In coming weeks President Obama and Hill Democrats will launch a new campaign to raise the minimum wage. Working with labor unions and activist groups, Democrats hope to increase the federal minimum wage from its current $7.25 to $10.10. "It's well past the time to raise a minimum wage that in real terms right now is below where it was when Harry Truman was in office," the president declared in his Dec. 4 speech on inequality.
Republicans will argue that raising the minimum wage will hurt the economy, as employers, especially small businesses, hire fewer low-wage workers. It's an argument Obama expects to hear a lot. "Now, we all know the arguments that have been used against a higher minimum wage," he said December 4. "Some say it actually hurts low-wage workers -- businesses will be less likely to hire them. But there's no solid evidence that a higher minimum wage costs jobs, and research shows it raises incomes for low-wage workers and boosts short-term economic growth."
Perhaps the key word in that passage is "solid" — the president seems to acknowledge that there is evidence a higher minimum wage costs jobs, but he doesn't find it "solid." A few years ago, though, in his 2006 book The Audacity of Hope, Obama seemed much more open to the evidence that raising the minimum wage results in less hiring.
"It may be true — as some economists argue — that any big jumps in the minimum wage discourage employers from hiring more workers," then-Sen. Obama wrote. Nevertheless, Obama still wanted to do it, so he laid out his best case: "When the minimum wage hasn't been changed in nine years and has less purchasing power in real dollars than it did in 1955, so that someone working full-time today in a minimum-wage job doesn't earn enough to rise out of poverty, such arguments carry less force," Obama added.
Little of Obama's 2006 case applies today. First, the minimum wage was last increased in 2007, and 2008, and 2009 — not quite the distance in time that Obama cited in The Audacity of Hope. Second, the minimum wage has had more or less purchasing power in real dollars at various times over the years. Obama's argument (in the inequality speech) that it is below where it was when Truman was in the White House is true of only one of Truman's eight years in office; the rest of that time, the real value of the minimum wage was below where it is today. And today's minimum wage is actually higher in real terms than it was a various points in the 1980s, 1990s, and 2000s.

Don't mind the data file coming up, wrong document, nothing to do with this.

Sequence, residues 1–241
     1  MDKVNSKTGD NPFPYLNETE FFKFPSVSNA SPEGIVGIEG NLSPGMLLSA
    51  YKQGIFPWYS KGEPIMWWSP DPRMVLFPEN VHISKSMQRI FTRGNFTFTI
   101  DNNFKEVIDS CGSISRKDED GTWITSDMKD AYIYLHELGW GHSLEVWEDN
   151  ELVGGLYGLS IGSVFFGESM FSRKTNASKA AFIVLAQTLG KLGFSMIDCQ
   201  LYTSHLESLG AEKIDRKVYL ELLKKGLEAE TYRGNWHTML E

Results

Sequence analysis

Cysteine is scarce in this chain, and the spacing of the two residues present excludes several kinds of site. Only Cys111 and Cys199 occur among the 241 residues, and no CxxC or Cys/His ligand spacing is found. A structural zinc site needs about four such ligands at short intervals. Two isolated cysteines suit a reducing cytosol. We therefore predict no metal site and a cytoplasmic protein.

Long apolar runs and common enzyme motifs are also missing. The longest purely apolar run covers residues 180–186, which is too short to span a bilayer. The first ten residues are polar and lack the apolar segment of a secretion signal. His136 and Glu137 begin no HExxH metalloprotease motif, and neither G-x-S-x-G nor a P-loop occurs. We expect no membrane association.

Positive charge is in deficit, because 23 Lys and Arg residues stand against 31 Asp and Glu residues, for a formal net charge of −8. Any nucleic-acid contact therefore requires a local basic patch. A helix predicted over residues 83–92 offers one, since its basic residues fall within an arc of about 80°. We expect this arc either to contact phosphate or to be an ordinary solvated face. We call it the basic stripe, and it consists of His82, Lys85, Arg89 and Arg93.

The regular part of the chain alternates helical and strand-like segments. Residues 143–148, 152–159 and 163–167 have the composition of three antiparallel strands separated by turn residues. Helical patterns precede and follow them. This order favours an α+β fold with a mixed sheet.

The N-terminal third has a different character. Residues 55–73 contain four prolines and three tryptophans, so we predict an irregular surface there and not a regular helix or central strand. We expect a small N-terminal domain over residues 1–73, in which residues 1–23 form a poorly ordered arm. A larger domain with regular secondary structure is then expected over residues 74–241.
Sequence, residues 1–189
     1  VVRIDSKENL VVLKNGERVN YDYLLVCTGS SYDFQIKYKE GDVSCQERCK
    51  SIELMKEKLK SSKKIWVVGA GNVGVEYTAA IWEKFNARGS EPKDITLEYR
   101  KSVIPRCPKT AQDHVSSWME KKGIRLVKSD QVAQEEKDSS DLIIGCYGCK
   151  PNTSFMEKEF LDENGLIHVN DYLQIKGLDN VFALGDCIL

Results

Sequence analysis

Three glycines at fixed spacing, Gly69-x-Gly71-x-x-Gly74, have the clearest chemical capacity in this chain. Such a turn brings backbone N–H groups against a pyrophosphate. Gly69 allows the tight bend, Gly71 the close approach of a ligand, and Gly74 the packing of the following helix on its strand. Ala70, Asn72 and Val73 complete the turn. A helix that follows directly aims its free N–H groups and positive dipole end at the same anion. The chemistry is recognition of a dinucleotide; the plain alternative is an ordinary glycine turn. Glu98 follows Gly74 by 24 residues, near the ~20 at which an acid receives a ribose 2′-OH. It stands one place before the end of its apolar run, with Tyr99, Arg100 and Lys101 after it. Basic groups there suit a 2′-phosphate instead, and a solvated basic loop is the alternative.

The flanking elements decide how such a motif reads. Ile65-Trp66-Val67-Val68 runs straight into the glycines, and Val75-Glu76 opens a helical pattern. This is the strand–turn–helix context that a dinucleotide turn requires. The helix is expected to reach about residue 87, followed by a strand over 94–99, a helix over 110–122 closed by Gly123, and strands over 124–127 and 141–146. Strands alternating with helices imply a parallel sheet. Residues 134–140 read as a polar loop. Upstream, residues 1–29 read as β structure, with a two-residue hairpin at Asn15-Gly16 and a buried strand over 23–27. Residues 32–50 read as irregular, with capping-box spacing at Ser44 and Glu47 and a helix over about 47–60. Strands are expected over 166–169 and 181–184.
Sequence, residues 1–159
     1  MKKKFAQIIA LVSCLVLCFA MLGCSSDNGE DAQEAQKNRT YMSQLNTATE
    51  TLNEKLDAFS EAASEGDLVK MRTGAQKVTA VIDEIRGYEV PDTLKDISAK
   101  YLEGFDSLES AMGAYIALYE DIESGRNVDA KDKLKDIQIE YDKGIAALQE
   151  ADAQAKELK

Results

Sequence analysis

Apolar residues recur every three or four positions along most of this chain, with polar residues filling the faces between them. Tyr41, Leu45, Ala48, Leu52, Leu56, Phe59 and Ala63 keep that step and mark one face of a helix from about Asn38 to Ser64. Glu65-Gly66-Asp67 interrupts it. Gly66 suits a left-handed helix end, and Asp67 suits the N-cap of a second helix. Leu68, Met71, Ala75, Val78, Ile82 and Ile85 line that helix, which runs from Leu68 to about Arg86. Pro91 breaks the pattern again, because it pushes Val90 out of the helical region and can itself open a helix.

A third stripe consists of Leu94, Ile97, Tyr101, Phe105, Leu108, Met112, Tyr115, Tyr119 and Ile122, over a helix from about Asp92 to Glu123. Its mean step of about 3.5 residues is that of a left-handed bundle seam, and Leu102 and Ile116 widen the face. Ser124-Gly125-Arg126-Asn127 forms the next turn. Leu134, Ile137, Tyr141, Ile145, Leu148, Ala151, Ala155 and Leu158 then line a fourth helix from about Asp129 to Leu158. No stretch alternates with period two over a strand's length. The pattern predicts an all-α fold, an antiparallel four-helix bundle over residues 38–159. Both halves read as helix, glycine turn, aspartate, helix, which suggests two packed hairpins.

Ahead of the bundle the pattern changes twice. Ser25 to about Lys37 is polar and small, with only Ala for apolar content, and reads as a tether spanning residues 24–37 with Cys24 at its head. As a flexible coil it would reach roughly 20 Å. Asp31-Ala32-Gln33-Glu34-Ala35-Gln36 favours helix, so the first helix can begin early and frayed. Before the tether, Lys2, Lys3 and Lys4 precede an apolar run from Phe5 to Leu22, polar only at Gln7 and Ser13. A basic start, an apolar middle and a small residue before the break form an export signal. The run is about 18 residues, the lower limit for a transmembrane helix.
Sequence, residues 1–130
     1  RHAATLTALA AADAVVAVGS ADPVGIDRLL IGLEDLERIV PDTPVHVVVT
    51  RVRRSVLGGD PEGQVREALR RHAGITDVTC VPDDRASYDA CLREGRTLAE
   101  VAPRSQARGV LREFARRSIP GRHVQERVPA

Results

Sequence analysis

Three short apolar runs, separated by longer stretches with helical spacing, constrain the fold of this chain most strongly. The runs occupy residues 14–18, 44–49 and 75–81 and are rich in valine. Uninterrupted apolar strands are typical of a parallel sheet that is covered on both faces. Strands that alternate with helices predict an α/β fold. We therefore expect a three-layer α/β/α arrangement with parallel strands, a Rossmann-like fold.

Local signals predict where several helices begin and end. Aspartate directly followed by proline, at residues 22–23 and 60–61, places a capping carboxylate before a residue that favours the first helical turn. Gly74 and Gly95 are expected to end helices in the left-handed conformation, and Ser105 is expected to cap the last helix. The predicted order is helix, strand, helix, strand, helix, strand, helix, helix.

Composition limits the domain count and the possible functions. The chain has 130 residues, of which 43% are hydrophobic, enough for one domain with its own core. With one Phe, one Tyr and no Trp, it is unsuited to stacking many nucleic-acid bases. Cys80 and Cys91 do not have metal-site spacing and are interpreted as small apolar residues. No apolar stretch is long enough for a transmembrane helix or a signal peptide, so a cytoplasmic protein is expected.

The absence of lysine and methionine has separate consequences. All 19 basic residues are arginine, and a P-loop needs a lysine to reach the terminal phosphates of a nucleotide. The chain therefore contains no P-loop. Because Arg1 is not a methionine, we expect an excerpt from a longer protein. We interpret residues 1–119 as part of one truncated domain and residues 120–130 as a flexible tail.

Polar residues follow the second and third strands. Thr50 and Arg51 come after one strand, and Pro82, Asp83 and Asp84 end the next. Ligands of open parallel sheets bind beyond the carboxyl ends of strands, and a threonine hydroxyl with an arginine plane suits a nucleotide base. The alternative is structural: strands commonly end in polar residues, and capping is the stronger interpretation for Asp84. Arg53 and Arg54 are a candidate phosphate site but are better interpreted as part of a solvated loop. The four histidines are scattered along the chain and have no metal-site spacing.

Third, a minimum-wage worker today does in fact "earn enough to rise out of poverty." A full-time $7.25-an-hour minimum-wage job pays $15,080 a year, while the federal poverty level for an individual is $11,490.
The bottom line is, the case for raising the minimum wage is nowhere near open-and-shut, something Sen. Barack Obama realized before becoming President Barack Obama. But that older, more nuanced view of the minimum wage will likely be absent from Obama's rhetoric in coming weeks; the new campaign will be all about politics. "Democratic Party leaders, bruised by months of attacks on the new health care program, have found an issue they believe can lift their fortunes both locally and nationally in 2014: an increase in the minimum wage," the New York Times reported on Dec. 29. The paper added that leading Democrats hope to use the minimum wage as "not only a wedge issue that they hope will place Republican candidates in a difficult position, but also a tool with which to enlarge the electorate in a nonpresidential election."
That's what is coming. Republicans may hope to discuss the minimum wage as a policy issue rather than a wedge issue. But they'll get no help from the president; the Barack Obama of 2006 won't be around.